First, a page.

Non-alcoholic fatty liver disease (NAFLD) – a condition in which fat accumulates in the liver in people who drink little or no alcohol – is the most common type of chronic liver disease in Australia. NAFLD is associated with a reduction in health-related quality of life, and as the number of NAFLD cases increase, the health system will incur increased costs associated with its diagnosis, management and disease progression. Currently, many patients who present to primary care with abnormal liver function tests or steatosis on liver ultrasound are referred for assessment in secondary care. Due to the large number of patients with NAFLD, this results in long waits for clinical and fibrosis assessment, placing unnecessary burden on the public hospital system.
The LOCATE-NAFLD study (LOCal Assessment and Triage Evaluation of Non-Alcoholic Fatty Liver Disease) is funded by the Medical Research Future Fund Keeping Australians Out of Hospital initiative (GNT1175567), and aims to assess an alternative to this current model of care. It builds on previous work by investigator Professor James O’Beirne, and is running from 2019-2022.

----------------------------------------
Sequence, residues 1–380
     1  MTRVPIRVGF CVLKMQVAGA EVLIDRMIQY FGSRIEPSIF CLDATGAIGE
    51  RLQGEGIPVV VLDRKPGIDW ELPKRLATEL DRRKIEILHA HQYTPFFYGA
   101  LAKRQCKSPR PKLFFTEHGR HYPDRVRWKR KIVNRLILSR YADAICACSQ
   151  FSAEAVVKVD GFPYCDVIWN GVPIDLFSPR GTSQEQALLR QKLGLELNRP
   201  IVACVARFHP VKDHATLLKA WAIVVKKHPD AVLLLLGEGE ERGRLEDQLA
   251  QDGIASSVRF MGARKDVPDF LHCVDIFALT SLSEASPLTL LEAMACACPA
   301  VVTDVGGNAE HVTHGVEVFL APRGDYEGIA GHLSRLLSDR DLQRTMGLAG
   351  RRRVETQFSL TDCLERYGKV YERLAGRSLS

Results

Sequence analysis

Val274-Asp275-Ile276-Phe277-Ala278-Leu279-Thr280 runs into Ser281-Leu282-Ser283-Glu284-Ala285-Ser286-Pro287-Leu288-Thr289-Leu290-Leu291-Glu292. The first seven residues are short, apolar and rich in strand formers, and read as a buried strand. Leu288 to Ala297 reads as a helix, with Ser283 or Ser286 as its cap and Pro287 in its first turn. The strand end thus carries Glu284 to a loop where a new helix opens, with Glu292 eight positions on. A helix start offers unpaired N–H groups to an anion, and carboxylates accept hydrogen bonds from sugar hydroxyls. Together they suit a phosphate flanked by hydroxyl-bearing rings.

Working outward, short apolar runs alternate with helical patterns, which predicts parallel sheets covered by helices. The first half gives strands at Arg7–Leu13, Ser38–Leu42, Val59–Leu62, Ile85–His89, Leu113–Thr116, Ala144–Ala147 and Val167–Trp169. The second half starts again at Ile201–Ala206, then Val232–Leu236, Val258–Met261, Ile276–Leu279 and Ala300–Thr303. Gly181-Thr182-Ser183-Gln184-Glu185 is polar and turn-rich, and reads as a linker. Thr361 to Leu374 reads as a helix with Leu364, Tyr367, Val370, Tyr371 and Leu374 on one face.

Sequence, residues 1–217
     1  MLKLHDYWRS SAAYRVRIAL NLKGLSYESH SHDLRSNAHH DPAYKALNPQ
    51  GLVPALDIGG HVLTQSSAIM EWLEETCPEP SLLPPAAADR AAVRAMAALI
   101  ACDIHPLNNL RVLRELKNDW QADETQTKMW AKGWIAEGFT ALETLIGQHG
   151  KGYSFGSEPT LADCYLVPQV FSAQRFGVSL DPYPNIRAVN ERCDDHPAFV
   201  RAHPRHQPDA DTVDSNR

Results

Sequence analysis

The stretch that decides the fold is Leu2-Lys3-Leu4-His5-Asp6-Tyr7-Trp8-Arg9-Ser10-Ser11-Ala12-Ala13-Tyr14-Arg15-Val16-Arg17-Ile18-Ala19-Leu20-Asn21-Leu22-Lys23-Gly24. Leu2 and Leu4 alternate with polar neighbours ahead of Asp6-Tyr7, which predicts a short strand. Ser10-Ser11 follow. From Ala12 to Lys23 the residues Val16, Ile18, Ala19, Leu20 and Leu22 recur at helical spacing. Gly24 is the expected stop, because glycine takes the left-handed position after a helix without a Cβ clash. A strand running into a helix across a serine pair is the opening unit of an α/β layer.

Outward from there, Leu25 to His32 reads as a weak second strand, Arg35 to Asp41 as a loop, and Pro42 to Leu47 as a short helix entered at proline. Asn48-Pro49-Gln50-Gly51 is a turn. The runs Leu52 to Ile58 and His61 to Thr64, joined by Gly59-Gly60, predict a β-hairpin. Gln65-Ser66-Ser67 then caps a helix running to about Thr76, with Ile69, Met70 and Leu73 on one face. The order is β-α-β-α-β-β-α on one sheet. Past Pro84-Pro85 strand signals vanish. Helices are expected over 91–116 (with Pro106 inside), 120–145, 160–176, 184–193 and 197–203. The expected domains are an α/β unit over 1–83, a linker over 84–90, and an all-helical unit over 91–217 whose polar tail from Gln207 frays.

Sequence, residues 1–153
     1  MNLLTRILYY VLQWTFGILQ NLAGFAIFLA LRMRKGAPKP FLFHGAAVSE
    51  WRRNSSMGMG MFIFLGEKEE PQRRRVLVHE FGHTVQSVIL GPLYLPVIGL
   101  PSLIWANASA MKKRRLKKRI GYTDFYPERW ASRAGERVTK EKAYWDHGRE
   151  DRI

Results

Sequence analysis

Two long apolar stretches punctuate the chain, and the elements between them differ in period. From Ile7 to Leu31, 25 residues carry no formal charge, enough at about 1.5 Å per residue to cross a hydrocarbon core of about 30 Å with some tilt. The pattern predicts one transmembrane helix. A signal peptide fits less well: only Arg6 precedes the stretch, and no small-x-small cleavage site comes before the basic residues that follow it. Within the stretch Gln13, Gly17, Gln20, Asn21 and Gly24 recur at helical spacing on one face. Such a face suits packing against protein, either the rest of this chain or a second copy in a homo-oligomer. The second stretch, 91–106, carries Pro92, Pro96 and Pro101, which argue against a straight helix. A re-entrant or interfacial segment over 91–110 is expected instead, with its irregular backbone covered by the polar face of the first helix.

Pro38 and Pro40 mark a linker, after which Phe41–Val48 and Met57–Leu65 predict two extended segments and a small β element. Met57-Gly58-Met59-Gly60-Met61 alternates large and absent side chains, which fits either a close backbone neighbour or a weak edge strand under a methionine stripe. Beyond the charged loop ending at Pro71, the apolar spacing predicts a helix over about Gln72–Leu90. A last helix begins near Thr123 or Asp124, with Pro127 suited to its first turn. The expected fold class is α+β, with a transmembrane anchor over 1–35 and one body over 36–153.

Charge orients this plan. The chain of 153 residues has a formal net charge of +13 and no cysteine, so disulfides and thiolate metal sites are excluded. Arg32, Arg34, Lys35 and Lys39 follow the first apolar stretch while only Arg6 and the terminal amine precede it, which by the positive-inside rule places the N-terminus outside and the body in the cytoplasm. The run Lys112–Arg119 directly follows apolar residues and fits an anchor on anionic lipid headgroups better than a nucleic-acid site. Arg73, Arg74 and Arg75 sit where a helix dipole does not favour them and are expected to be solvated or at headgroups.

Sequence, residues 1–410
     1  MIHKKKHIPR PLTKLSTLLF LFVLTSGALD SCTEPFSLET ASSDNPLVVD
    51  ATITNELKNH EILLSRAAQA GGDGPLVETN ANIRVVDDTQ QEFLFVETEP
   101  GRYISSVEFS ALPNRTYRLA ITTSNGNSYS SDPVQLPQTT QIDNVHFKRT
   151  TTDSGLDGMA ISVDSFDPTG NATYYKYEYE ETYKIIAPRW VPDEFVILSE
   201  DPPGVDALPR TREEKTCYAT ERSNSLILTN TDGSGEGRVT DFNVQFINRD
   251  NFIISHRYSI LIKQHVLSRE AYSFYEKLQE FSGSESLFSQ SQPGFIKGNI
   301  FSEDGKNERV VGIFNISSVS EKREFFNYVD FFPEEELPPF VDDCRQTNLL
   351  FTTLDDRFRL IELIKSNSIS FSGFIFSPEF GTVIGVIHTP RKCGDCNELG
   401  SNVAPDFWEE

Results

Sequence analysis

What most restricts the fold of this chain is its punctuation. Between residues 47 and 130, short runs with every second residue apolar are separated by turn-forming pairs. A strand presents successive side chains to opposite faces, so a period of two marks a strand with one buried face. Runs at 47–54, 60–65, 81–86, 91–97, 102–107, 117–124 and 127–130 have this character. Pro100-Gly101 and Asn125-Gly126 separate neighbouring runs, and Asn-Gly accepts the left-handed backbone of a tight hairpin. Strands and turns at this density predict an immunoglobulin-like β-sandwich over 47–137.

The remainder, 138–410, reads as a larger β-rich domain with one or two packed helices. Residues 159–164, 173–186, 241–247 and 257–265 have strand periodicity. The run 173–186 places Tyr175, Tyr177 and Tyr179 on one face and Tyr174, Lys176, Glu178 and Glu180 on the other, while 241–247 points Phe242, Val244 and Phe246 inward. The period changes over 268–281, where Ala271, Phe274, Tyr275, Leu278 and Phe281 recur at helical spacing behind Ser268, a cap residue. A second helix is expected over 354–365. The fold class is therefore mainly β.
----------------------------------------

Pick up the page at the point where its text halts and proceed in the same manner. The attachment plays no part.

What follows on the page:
LOCATE-NAFLD is a randomised trial, comparing two alternative models of care for NAFLD (usual care versus LOCATE-NAFLD care). Participants randomised to the intervention will be screened in the community with a non-invasive device called a Fibroscan, a scan they may otherwise have waited months to receive. The scan results can then determine if their disease, with high risk patients sent to a specialist, and low-risk patients returned to the care of their GP, reducing unnecessary hospital appointments.
Through this faster assessment and stratification of patients in the community, the study aims to greatly reduce referrals for hospital-based appointments, and improve surveillance of high-risk disease, resulting in enhanced management of complications that result in avoidable, high cost hospital admissions.
Read QUT’s media release for the study here.